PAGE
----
The plan is part of the National Alzheimer's Project Act, signed into law last year, which aims to develop new ways to prevent and treat Alzheimer's by 2025. About 5.4 million Americans have the disease now, according to the Centers for Disease and Prevention in Atlanta.
The goal, to develop new treatments by 2025, faces tough challenges, said Ronald Petersen, director of Alzheimer's disease research at the Mayo Clinic in Rochester, Minn.
Researchers are unsure what sets off the disease process that leads to dementia or even whether the protein tangles in the brain - a hallmark of the disease - are a cause or simply a by-product of the condition.
Alzheimer's destroys brain cells, making it difficult for patients to think, remember and function. Markers of brain-cell death include amyloid plaques and tau tangles that can begin in the brain 10 to 20 years before symptoms occur.
Researchers suspected a link between Alzheimer's disease and diabetes after scientists found excess insulin in the blood was associated with the diseases later in life. Insulin is known to help maintain the brain's synapses.
A 2010 study found that people with early stages of the disease who used an insulin inhaler made by Kurve Technology Inc. twice a day showed improved ability to carry out daily tasks such as dressing or balancing their checkbooks.
Previous studies show diabetics have an elevated risk of developing Alzheimer's disease and mild cognitive impairment, a potential precursor to the most common form of dementia in the elderly. Catching the disease early, when memory and language deficits first develop, may improve the odds of treating or preventing the condition.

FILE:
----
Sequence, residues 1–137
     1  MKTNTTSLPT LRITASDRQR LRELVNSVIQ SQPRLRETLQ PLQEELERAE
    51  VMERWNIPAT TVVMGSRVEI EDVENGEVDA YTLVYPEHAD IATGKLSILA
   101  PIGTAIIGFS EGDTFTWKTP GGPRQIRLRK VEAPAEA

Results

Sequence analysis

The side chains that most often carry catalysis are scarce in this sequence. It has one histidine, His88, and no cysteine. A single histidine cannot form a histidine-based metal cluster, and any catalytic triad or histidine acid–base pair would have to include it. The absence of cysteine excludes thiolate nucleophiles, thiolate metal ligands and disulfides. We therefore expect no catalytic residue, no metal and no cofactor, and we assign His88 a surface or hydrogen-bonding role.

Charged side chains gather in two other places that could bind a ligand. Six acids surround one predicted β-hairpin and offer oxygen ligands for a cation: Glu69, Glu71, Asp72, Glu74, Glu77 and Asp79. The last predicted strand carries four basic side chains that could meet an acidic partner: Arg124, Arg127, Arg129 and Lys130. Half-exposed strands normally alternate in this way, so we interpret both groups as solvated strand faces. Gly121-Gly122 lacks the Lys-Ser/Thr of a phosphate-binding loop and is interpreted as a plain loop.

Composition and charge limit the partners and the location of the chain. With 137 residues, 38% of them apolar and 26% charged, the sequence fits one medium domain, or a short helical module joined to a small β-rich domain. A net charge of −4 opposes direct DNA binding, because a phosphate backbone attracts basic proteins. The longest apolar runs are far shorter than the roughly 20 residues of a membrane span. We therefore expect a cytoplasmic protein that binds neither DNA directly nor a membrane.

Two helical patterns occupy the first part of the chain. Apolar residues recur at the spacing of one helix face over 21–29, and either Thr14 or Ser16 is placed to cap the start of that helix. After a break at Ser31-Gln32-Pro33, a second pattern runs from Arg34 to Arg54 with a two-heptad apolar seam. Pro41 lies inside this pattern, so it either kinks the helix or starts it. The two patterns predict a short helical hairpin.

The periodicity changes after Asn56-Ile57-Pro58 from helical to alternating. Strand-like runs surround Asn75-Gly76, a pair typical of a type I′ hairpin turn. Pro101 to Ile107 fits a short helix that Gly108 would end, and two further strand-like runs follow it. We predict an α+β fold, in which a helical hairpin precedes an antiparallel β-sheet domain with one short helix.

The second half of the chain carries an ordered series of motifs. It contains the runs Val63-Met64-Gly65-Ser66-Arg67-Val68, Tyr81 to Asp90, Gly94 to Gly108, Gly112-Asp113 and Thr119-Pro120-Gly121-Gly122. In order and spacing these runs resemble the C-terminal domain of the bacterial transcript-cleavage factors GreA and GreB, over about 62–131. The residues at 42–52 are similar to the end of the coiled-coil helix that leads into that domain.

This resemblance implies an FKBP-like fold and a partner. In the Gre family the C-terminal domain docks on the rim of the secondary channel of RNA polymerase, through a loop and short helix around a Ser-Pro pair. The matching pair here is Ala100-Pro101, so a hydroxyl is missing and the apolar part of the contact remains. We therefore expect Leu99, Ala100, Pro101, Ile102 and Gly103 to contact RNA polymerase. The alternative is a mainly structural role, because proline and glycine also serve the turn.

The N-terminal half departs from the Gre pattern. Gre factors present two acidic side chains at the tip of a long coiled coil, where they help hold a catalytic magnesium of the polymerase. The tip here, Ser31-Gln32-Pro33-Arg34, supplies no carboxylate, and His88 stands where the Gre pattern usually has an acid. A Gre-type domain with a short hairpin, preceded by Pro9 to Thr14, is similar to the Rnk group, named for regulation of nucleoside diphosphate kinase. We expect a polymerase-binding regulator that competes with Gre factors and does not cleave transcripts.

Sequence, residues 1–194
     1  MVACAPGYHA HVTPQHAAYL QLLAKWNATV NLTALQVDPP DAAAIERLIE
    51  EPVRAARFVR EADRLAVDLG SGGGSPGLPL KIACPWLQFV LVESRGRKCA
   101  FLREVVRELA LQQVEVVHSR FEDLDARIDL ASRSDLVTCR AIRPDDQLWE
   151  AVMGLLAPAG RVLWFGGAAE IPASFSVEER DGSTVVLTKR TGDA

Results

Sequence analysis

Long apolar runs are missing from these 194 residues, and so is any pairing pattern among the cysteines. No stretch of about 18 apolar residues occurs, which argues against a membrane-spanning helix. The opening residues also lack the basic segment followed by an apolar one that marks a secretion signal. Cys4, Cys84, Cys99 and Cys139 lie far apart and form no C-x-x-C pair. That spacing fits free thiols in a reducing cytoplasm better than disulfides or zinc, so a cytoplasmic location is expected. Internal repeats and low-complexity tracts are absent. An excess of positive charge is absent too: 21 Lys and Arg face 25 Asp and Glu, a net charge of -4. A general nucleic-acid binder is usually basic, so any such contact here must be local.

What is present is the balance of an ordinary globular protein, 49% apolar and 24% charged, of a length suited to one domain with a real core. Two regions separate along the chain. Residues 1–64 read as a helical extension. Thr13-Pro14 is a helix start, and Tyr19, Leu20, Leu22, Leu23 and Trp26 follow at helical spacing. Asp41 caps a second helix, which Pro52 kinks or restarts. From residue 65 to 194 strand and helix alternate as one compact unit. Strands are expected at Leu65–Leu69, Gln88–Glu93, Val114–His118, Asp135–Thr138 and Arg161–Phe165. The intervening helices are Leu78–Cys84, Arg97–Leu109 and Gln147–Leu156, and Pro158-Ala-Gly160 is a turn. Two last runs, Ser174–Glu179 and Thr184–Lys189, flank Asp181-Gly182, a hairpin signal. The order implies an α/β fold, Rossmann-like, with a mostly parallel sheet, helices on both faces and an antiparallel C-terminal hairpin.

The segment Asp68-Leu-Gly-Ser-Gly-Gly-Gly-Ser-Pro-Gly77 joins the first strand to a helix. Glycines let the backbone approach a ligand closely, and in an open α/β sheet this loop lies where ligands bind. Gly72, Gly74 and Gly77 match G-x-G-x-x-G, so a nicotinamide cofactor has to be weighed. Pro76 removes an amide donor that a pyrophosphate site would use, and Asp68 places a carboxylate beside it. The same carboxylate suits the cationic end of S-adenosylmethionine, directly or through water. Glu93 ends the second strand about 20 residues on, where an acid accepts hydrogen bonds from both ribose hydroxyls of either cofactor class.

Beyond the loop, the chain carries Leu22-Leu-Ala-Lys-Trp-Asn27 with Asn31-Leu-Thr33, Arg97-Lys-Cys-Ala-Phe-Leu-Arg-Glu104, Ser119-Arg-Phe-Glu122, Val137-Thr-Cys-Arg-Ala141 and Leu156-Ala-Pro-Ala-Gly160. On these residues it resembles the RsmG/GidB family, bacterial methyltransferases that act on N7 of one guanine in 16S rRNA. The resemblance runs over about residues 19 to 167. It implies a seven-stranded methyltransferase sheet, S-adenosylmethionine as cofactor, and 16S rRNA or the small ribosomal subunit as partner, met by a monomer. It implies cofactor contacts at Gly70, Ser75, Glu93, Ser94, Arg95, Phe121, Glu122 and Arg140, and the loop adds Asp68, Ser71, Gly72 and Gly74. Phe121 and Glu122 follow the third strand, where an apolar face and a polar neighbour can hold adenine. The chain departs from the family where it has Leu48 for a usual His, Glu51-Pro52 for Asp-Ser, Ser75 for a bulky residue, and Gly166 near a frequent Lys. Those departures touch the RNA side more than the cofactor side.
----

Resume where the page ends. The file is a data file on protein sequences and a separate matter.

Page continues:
Efforts to capitalize on the link have yielded mixed results. A daily dose of inhaled insulin improved the memory of patients with early-stage Alzheimer's and helped them manage routine tasks like getting dressed. The approach did not improve other measures of mental function. GlaxoSmithKline PLC's Avandia, once the biggest-selling diabetes drug, failed to benefit Alzheimer's disease patients in a 2009 study.
As part of the federal initiative, people who are genetically guaranteed to suffer from the disease years from now will for the first time be given a drug intended to stop them from developing it.
Most of the study's participants will be drawn from an extended family of 5,000 people who live in Medellin, Colombia, and remote mountain villages outside that city. Those who possess a specific genetic mutation begin showing cognitive impairment around age 45, and full-blown dementia around age 51. The 300 family members who participate in the initial phase of the trial will be years away from developing symptoms.
The $100 million study will run for five years, but results on sophisticated tests may indicate in as little as two years whether the drug is helping to delay memory decline or brain changes. The trial will be financed with $16 million from the National Institutes of Health, about $15 million from private donors through the Banner Institute and $65 million from Genentech, the drug's U.S. manufacturer.
This article contains information from Inquirer wire services.